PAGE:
Current fruit and vegetable characteristics were assessed at 338 authorized WIC vendors across a 7-county area in northern Illinois. WIC vendor assessments were conducted using an in-person audit tool adapted from prior work that evaluates the availability of 150 commonly consumed and culturally specific fresh, frozen, and canned fruits and vegetables, as well as the price of 26 and quality of 10 of these items. To determine variations in WIC vendor and fruit and vegetable access by neighborhood characteristics, data on neighborhood attributes in the study area were obtained from the 2000 Census (percentage race, poverty, and urban). Vendors were classified by type and size and addresses were matched to a location-indexed street file using geographic information system (GIS) software. Descriptive statistics, Chi-square, and logistic regression were used in data analysis.

Of the 338 authorized WIC vendors in the sample, 120 were classified as pharmacies, 115 national/regional chain supermarkets, and 109 small chain/independent grocery stores. Consistent with previous neighborhood food environment studies, larger national/regional chain supermarkets were less likely to be located in predominately minority versus non-Hispanic White neighborhoods and high-poverty versus low-poverty neighborhoods. No relationships were found between neighborhood characteristics and other vendor types. As expected, national and regional chain supermarkets had the greatest availability of fresh or frozen fruits and vegetables and pharmacies had the lowest availability. None of the pharmacies in the study area supplied fresh fruits or vegetables, and only about 2.3 percent carried frozen selections.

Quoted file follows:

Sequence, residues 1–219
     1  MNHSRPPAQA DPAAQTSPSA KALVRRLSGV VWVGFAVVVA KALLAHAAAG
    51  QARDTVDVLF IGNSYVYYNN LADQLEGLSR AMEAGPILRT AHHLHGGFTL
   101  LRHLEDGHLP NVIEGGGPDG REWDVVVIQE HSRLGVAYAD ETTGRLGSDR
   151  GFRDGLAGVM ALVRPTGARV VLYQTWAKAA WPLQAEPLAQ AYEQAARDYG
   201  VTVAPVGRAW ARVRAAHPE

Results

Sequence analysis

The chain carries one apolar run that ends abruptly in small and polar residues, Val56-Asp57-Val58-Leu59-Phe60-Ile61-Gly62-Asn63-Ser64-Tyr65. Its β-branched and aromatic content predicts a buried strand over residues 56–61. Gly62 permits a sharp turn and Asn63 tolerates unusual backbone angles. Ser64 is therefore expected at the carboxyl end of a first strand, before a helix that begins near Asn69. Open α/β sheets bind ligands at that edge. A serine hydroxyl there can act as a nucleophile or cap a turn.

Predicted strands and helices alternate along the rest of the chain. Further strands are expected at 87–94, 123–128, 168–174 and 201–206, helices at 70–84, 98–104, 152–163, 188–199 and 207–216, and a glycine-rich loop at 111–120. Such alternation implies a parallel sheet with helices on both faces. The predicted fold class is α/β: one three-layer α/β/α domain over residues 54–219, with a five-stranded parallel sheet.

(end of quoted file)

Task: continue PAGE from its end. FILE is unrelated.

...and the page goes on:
Availability of fresh fruits and vegetables was positively correlated with the percentage of neighborhood residents with a college degree and households earning over $75,000 and negatively associated with the percentage in poverty or unemployment and residents without access to a car. The availability of canned fruits and vegetables did not differ by vendor type. However, chain supermarkets and vendors in predominately non-Hispanic White neighborhoods were more likely to supply canned fruits and vegetables without added salt, sugar, or fat than small chain/independent grocery stores, pharmacies, and vendors in predominately minority neighborhoods. Preliminary analysis revealed limited differences in price across different vendor and neighborhood types; however, indepth analyses of fruit and vegetable price and quality were incomplete. Similar to previous studies, these findings suggest that vendors provide less access to fresh fruits and vegetables and canned fruits and vegetables without added salt, sugar, or fat in minority and high-poverty neighborhoods than in non-Hispanic White and more affluent neighborhoods. Small/independent grocery stores, pharmacies, and WIC vendors in minority communities may need more support to expand their availability of fruits and vegetables to meet the needs of WIC participants.

Direct inquiries about this study to the Project Contact listed above.